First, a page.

There's something about Larry

By The West Virginia Record | Nov 3, 2006

The American Bar Association says to have "judicial temperament... implies an absence of arrogance, impatience, pomposity, loquacity, irascibility, arbitrariness or tyranny."

On the West Virginia Supreme Court, it seems, it would imply an absence of Justice Larry Starcher.

That's likely what his colleagues were thinking last month when they dissed Starcher, scheduled to ascend to Chief Justice of the court in January. The position includes increased powers and discretion, plus a pedestal. But sick of suffering from the fallout of his big mouth, Starcher's benchmates thought better of handing over the reins and spotlight to their living activist caricature.

It's a sound decision, particularly as we approach the 2008 campaign season, in which Justice Starcher is on the ballot facing his first-ever statewide re-election. In the face of major opposition, he's surely inclined to turn up the populist jets. That's if this time is anything like the last.

In case you've forgotten, Starcher set a new Mountain State standard for embarrassing and unethical rhetoric during his 1996 Democratic primary challenge to then-sitting Justice Arthur Recht. He assailed the incumbent for representing businesses as a private lawyer, boasted of siding with workers as a judge on asbestos cases, then essentially promised a union that he'd side with them in their cases before the court.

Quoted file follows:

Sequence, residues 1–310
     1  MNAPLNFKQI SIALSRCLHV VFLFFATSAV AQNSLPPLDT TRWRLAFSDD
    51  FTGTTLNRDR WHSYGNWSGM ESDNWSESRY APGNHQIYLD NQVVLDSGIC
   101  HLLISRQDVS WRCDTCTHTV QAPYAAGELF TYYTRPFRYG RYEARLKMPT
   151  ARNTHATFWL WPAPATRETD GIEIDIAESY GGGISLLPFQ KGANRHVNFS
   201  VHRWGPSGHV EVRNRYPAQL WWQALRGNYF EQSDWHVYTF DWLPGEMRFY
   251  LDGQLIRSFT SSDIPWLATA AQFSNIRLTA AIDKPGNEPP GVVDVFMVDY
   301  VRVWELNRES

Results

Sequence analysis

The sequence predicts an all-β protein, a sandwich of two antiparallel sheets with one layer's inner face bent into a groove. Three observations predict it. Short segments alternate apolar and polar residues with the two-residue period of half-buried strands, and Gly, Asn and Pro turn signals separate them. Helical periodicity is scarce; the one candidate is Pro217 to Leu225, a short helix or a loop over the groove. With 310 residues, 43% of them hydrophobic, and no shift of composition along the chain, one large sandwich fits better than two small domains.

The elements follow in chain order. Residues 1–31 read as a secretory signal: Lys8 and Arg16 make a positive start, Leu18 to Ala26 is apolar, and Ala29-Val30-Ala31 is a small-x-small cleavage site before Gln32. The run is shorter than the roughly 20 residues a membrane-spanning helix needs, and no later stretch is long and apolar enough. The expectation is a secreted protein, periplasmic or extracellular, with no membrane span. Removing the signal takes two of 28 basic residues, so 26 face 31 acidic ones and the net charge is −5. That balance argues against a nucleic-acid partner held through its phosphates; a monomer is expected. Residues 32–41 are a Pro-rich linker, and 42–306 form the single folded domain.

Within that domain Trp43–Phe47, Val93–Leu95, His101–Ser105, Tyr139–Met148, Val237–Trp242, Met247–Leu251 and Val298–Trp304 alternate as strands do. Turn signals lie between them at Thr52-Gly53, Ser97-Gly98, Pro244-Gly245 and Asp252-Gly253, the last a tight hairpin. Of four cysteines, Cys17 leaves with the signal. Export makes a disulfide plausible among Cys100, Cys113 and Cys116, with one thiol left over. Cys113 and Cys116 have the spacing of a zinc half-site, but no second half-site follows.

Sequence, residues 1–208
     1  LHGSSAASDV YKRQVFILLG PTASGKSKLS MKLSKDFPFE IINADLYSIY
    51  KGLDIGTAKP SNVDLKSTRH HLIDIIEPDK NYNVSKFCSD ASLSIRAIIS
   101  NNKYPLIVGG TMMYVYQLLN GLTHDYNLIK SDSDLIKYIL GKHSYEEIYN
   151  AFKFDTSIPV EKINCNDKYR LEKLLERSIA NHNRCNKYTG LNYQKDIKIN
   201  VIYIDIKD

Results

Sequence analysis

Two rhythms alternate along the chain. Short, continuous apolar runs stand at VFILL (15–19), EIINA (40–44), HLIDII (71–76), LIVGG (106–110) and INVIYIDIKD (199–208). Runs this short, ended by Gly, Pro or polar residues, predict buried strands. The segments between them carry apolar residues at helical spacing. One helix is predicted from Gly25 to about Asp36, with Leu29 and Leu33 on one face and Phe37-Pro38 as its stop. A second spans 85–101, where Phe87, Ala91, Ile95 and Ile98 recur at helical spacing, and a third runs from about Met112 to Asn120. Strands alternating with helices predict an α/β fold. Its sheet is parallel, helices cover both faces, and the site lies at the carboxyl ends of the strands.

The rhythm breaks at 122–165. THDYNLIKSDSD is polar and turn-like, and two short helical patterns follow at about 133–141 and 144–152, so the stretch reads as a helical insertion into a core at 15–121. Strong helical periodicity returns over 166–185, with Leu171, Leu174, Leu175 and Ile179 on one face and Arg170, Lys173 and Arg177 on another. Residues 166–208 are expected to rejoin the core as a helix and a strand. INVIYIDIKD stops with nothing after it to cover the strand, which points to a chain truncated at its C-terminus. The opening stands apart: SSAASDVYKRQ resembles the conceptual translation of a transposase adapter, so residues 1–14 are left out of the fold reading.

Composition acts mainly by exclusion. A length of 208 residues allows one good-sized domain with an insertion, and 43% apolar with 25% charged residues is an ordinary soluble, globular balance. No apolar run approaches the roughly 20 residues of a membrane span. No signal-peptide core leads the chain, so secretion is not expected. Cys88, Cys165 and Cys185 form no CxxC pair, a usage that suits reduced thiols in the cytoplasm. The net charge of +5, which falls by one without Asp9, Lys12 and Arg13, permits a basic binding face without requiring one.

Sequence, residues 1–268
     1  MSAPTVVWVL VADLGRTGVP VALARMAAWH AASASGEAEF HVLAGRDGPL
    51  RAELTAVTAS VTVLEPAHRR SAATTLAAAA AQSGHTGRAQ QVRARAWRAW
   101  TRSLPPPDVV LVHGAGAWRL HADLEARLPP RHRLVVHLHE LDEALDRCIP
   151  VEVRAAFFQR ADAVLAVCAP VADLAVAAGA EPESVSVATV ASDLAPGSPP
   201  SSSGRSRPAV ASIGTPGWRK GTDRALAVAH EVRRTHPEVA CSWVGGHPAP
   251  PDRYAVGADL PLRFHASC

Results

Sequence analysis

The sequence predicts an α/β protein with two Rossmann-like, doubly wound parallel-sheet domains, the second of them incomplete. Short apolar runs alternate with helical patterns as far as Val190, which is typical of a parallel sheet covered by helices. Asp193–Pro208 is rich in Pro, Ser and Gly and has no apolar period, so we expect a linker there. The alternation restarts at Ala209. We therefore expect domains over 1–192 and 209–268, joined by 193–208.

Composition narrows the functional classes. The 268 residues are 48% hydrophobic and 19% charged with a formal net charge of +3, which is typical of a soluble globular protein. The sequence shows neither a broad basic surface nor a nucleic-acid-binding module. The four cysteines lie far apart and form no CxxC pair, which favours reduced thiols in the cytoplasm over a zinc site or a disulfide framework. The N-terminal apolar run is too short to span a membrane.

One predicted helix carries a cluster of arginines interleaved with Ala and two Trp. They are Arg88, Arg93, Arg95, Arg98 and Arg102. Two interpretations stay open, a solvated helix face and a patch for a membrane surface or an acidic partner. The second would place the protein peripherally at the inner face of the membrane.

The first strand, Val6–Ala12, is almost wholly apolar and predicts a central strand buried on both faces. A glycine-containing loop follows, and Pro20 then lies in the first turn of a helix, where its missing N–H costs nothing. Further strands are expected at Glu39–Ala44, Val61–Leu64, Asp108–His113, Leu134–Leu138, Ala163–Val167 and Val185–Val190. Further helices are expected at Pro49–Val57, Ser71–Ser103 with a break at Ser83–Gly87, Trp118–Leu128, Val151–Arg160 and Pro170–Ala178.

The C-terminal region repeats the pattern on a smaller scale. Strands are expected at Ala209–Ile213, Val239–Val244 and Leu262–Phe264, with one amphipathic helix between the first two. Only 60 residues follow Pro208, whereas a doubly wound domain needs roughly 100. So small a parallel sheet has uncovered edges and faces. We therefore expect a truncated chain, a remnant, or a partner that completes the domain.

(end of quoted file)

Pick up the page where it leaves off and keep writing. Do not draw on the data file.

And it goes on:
"Neither you nor labor would be disappointed with a justice such as (me) on the high court," Starcher promised.

Fawning with condescension over the "working man" while concurrently posing as one is Starcher's favorite tactic. He likes to brag about his humble upbringing, including the inspiration behind his early arrival at the office (his father did, too) and how his mother delivered him at a rural farmhouse "unassisted."

You're supposed to be amazed, tear up and mentally applaud at the miracle that a man like Starcher might rise from such circumstances to become... a career politician.

The second part of his act involves tearing down others. Starcher called Massey Energy CEO Don Blankenship "stupid" and "a clown" while chastising the coal industry and, more recently, lamented to the New York Times that fellow Justice Brent Benjamin was "bought." It's all to the detriment of West Virginia's highest court and its credibility, of course. But in Starcher's service as judge, interpreting the law always seems to play second fiddle to his personal ambition.

Justices Benjamin, Robin Davis and Spike Maynard deserve praise for finally bringing consequences to Starcher's actions. We can only hope that two years from now, West Virginia voters follow their lead at the ballot box and send this man into retirement.

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